Quote[/b] (camdiver @ April 05 2004,11:56)]apart from face and hands, I was dry, but never really warm as such. Particularly when using the wing for buoyancy. I think the thinsulate I was wearing was quickly compressed away to nothing, especially around the torso, so I'd start to get a little bit chilled. I kept getting tempted to put a bit more air into the suit as this did make it feel warmer but I think this just lead to the Unidentified Floating Object.
This is why people tend to use their suit only for buoyancy. Personally I find it much, much easier to dive this way as the suit squeeze and coldness on descent prompt you to keep roughly the same amount of air in your suit throughout the dive and its this which keeps your buoyancy the same. I learnt to dive in warm water so I couldn't believe how easy buoyancy comes to drysuit diver!  


As for bobbing to the surface, don't worry about it; this is exactly why people have drysuit training dives  
 Everyone has done it at least once (or is just a show off!  
) but you will soon get the hang of adding air when needed and fiddling with your auto dump until you get it tuned perfectly (or set to compensate for bad weighting!)  
 

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Ginger, Irish, sometimes stroppy
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First dive I used the suit for bouyancy, second dive the wing. I think it'll take me a while to get a clear idea of which way is for me, but think either will be a lot easier if I get my weighting sorted.

Cheers

Conor
 

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<font color='#FF0000'>connor you must have been diving a different guildenburgh to me cos the vis I had was about yes well I wasn't the only one to call the dive. 1/2 mtr at best. and it was feckin cold. the first time this year that i've felt cold. Yes I have dived most week ends through the winter.
as for suit boyancy keep playing here till you get it right. Of shore is not the place to find out youve got it wrong.
I've had some problems myself just lately but now I think it's ok. remember with a bag that it's being able to dive it comfortably that is without anxiety that counts. if you take a look at some of the rambles that have been aired before on this site you will see that there are many different methods employed by our members and what is right for one is not necessarily right for another. I have found this through experimentation and watching how others cope in various situations. See you again soon. Louigi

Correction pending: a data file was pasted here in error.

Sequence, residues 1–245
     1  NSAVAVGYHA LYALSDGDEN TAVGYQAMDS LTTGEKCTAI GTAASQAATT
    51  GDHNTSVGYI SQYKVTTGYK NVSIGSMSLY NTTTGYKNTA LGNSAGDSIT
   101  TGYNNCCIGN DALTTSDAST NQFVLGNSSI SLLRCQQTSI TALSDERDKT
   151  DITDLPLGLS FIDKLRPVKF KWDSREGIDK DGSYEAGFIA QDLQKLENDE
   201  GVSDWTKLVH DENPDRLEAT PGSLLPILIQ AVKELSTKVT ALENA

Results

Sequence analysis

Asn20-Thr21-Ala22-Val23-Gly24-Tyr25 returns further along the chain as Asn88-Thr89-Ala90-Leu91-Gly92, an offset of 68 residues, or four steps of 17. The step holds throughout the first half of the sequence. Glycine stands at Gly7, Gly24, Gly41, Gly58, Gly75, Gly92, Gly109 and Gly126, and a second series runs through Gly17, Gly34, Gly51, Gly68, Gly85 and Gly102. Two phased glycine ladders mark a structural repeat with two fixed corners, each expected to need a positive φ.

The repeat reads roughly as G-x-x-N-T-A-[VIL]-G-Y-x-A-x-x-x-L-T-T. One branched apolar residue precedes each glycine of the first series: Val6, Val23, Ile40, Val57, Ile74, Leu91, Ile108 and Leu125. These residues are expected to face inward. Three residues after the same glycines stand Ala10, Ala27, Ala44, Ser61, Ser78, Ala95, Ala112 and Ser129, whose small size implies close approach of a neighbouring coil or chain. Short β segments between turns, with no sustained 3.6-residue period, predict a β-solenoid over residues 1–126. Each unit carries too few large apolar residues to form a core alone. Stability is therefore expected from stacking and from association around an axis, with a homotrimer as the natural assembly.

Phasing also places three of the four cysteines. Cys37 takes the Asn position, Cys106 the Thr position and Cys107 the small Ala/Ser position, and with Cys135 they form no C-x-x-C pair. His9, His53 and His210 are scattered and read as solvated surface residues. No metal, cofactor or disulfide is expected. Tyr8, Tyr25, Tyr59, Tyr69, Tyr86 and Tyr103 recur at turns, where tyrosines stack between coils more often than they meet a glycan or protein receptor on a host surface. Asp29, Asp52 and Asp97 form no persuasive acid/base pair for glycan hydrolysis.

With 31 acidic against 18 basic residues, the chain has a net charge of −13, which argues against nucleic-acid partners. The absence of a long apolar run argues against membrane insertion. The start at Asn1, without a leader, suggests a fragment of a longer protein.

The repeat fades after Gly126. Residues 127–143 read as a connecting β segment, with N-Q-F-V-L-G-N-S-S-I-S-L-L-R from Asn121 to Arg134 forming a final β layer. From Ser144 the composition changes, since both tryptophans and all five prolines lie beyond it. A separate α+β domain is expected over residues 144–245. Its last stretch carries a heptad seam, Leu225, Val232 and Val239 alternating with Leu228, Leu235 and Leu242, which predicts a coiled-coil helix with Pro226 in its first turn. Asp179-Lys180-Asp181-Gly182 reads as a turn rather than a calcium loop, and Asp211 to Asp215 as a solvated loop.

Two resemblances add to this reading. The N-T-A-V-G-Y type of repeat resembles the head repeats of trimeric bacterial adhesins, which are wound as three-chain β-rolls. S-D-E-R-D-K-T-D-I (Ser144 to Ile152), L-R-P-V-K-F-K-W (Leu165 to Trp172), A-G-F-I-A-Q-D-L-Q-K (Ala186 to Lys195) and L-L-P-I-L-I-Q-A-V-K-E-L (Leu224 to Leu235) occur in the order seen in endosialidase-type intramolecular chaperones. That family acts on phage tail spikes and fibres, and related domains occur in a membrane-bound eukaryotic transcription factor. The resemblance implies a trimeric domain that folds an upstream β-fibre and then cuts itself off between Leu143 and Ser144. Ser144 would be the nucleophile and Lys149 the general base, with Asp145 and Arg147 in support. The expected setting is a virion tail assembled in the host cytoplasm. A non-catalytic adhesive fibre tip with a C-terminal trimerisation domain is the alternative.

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Ginger, Irish, sometimes stroppy
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Hi Louigi,

it was good to see you on Saturday (out of the water cos I couldn't have seen you under
). I'm planning to keep practising over the next few weeks, there'll be plenty of time for the sea once I've got it sorted.

Cheers

Conor
 

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<font color='#0000FF'>i dive twins and can still fly the suit
if you tug your suit around the neck it will dump but you will get very cold
imho a cuff dump works best
 

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"Right, done the pool stuff, what's next.........?
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<font color='#000080'>Hi Conor hope we didn't put you off too much on Saturday. To be honest I thought things went not too badly, give or take the odd separation and the unfamiliar sound of a boat engine in a lake. All in all an enjoyable day. Good bacon butties and a good laugh. Look forward to doing it again.
Hi Louigi, the vis take its toll on you as well? Not the best weve ever came across but it was pretty busy I suppose, hopefully see you all soon.
John.
 

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Ginger, Irish, sometimes stroppy
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See!! You are never going to be mistaken for someone else looking like that!